Wanna Be a Mompreneur?

More and more moms are starting their own successful businesses. Find out if you have what it takes to join their ranks.

Moms know everything. They know where their kids left their socks, they know what time the carpool leaves, they know how to get a cranky 4-year-old through a shopping mall. Given their mastery of multitasking, is it any wonder mothers make such good business owners?

Not if recent statistics are any clue. There are 10.6 million women-owned businesses in the United States, generating $2.5 trillion in annual revenue, according to the Center for Women's Business Research. Women are starting businesses at nearly twice the rate of men. And women with children are jumping in--each with a different business goal, a different family situation and a different strategy to balance it all.

Entrepreneur went hunting for some inspirational mompreneurs to talk to--and we found them all over the country.

Some work at home; some have branched out into family-friendly office spaces. They all have one thing in common: They are extraordinary women with successful businesses. What can you learn from them? Just about everything.

 

Mom Knows Best

Though it's not easy to balance a business with raising children, there are strategies to make it more manageable, says Lesley Spencer-Pyle, 40, founder of Home-Based Working Moms, a support network for moms who own businesses in Spring, Texas. Starting part time is one way to make the transition easier, she says. That way, you can better acclimate your children and yourself to your business' demands.

What we learned from the mompreneurs we interviewed is that scheduling is everything. "Develop a schedule that allows you to focus during work time," says Spencer. "Consider hiring someone to clean your house, a part-time assistant or a part-time nanny." Develop a support to delegate child care and household duties--with your spouse, friends, family or other working moms in your network.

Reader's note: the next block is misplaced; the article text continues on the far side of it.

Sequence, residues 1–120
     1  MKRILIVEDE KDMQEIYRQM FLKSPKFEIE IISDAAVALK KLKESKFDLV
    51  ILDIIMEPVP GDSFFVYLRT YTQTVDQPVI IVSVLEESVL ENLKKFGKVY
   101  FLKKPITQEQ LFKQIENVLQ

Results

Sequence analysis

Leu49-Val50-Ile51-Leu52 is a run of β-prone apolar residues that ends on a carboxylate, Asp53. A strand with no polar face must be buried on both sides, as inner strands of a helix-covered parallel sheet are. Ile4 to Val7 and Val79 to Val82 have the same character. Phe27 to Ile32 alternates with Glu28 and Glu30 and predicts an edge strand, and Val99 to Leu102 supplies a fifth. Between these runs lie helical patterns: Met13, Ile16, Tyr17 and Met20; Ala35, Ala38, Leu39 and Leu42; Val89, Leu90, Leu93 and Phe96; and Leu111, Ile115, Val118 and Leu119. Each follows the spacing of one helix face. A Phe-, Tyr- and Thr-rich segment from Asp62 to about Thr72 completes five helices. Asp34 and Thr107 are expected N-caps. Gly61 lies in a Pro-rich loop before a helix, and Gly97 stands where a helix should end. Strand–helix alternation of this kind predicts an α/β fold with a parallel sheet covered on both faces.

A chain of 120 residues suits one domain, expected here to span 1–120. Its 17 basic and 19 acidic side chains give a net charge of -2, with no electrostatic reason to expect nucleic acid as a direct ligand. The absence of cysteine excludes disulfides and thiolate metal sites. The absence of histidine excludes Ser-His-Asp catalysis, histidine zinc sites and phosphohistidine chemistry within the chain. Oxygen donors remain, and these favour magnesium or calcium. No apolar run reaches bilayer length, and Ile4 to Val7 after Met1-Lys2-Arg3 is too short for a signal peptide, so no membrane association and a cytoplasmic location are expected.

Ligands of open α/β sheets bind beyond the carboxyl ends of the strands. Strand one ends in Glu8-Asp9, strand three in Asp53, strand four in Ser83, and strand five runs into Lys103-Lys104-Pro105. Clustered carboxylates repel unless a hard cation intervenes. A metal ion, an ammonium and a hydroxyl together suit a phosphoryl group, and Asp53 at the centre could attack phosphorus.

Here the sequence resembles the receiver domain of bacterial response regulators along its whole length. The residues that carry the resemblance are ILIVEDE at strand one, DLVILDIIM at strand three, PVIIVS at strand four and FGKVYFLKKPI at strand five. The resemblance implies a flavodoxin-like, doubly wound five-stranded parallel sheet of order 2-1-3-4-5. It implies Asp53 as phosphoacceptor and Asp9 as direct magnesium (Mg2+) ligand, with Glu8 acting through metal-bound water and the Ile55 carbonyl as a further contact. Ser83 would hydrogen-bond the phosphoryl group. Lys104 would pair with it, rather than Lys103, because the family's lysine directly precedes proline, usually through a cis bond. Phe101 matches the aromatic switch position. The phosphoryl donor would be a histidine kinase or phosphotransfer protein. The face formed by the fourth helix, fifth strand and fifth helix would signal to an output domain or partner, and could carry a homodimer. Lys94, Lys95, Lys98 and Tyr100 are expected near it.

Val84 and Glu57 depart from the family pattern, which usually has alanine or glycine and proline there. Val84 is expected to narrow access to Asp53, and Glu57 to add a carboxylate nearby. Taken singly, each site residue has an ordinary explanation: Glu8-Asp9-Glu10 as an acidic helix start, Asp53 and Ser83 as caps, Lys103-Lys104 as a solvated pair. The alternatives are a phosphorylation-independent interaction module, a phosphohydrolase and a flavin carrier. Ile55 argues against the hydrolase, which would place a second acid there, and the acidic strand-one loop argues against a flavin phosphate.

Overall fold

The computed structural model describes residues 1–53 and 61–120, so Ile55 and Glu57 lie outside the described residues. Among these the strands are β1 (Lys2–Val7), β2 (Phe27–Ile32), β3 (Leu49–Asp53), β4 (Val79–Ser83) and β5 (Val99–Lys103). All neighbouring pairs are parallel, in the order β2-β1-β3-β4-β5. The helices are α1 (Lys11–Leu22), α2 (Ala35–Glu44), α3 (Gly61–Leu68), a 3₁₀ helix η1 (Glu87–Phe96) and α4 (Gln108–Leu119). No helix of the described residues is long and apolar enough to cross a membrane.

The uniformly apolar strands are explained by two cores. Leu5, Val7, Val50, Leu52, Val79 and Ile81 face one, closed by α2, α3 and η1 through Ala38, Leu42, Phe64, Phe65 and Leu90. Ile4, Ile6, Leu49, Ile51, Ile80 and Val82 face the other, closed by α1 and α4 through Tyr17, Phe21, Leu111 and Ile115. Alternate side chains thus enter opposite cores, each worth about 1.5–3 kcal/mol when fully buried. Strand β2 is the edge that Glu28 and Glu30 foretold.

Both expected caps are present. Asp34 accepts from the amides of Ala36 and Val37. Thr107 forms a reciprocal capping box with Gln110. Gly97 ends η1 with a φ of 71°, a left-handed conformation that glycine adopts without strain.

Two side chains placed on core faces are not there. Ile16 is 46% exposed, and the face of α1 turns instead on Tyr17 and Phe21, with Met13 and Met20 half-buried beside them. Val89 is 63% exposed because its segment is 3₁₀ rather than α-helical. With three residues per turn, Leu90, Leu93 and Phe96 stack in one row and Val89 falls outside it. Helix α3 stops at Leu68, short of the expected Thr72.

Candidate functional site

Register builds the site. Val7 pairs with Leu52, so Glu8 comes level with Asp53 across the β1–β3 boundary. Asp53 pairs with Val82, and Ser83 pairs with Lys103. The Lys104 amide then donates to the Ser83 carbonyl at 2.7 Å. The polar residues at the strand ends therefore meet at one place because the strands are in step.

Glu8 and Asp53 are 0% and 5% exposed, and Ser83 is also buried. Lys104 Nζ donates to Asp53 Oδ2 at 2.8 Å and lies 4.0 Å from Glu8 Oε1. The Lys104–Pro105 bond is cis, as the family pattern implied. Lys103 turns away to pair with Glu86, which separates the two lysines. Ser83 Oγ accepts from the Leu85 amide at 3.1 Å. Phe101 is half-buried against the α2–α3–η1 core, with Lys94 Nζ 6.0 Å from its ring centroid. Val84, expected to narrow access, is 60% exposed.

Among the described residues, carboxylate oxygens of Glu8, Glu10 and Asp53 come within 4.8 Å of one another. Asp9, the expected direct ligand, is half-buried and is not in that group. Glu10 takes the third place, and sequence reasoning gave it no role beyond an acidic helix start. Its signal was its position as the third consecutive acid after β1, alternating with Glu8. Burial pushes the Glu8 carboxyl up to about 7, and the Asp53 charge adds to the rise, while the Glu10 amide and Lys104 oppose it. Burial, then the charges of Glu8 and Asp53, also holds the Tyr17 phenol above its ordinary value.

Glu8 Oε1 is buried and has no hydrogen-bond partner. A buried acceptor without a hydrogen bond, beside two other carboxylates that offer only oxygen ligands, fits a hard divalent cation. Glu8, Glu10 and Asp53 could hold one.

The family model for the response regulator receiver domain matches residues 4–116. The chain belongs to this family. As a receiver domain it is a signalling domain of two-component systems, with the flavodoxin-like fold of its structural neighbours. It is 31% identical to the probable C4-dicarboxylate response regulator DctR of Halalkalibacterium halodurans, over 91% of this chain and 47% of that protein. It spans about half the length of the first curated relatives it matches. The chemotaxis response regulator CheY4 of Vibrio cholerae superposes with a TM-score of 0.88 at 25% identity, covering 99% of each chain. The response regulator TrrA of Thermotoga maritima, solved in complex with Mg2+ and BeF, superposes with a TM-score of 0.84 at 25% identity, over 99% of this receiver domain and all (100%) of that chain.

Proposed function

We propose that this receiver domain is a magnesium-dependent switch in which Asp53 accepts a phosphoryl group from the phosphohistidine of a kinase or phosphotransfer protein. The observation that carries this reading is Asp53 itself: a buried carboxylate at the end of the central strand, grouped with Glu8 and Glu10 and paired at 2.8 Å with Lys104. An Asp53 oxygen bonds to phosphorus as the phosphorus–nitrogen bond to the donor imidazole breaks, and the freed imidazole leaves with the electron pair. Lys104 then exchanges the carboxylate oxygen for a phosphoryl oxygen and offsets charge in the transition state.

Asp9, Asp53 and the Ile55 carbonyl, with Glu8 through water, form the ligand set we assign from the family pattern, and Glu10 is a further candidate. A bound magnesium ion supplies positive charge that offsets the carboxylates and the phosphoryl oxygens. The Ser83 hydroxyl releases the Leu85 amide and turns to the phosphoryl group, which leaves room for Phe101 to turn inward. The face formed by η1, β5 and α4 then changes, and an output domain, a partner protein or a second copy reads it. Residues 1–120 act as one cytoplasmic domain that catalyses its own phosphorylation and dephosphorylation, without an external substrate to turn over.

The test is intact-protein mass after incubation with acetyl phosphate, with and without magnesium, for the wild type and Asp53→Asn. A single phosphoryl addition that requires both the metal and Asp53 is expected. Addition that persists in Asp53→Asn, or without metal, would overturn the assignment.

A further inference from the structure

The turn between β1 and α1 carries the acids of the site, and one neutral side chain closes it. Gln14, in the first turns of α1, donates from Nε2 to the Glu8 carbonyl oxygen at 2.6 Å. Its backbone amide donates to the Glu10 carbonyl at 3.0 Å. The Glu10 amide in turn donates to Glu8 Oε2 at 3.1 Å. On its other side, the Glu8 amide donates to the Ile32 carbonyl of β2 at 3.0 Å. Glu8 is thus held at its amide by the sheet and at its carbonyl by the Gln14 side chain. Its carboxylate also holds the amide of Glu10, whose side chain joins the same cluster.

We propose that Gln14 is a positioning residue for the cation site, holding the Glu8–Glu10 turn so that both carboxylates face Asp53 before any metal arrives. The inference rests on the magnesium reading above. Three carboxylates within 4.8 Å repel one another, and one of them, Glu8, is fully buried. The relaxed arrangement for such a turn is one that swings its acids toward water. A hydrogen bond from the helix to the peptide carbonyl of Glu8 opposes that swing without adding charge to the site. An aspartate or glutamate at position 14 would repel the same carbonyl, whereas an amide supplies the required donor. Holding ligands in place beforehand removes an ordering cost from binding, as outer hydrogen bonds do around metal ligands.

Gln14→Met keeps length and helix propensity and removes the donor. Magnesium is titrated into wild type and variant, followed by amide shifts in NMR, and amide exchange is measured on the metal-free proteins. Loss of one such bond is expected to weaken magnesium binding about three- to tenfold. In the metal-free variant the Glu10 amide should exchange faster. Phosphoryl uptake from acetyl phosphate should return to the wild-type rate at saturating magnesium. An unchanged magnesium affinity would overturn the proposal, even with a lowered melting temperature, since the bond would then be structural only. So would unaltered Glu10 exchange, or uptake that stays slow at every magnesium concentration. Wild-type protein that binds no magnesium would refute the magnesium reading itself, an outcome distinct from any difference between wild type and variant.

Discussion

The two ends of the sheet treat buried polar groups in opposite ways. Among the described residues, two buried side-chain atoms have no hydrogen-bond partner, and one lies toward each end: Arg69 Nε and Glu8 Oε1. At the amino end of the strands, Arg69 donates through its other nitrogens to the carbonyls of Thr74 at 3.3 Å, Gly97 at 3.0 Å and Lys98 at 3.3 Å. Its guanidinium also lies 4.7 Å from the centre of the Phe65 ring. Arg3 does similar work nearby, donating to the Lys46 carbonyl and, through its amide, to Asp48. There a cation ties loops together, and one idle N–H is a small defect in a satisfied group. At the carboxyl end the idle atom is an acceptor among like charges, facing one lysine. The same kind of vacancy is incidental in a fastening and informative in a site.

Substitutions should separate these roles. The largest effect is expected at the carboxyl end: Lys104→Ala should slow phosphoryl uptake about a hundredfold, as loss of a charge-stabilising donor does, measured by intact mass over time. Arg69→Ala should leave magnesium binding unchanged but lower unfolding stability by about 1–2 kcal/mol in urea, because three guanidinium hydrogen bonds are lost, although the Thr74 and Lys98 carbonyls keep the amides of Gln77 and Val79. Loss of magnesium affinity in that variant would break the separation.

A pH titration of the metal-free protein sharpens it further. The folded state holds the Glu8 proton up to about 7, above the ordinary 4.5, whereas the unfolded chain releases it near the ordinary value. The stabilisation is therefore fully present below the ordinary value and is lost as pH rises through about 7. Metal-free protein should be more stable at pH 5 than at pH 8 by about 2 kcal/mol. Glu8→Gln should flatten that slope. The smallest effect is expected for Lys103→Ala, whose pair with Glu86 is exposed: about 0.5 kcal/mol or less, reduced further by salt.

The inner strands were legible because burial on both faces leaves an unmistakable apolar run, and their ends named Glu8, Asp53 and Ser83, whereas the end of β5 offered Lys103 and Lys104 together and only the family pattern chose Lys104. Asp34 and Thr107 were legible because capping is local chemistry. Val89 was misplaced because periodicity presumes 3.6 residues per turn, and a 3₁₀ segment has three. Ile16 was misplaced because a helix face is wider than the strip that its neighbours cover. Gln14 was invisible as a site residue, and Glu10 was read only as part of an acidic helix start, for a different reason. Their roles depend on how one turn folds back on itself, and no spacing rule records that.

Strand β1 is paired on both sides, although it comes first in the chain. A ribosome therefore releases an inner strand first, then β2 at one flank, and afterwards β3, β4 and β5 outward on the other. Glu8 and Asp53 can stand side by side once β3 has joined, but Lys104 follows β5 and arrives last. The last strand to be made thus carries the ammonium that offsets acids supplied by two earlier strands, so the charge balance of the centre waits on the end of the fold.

For most mompreneurs, help and support from their spouses is critical, whether it comes in the form of taking care of the kids in the afternoon or evening or providing business support. Older kids can even help with some of your business duties.

And as important as your business is, don't continually sacrifice family time to work on it, says Spencer. "Periodically review how you are spending your time. Decide what is important to you, and work toward that goal. Eliminate time-wasters and things that [distance] you from those people and things."

Segmenting your business obligations into smaller chunks can also help--you can accomplish a smaller task while on the go, like composing a marketing letter while waiting at the dentist's office or sending an e-mail while waiting for dance class to start. Jennifer Dugan, founder of Dugan's Travels, a travel agency in Los Alamos, New Mexico, has become a master of multitasking. This 31-year-old mother of two runs all her personal and business errands at the same time--and she uses her cell phone and laptop to keep her business running when she's on the go with her children.

Starting in 1997, Dugan would work at building her business while her little ones napped. "It's too hard to have set hours," she says. "There are going to be times when your kids really need you." Dugan takes two hours to go to the park with her children, and then makes up the time after they've gone to sleep.

Though balancing it all is a daily challenge, Dugan has shared what works for her with other homebased business owners--and she's even developed a training program to help them become travel agents with Dugan's Travels, which now brings in more than $3 million in annual sales.

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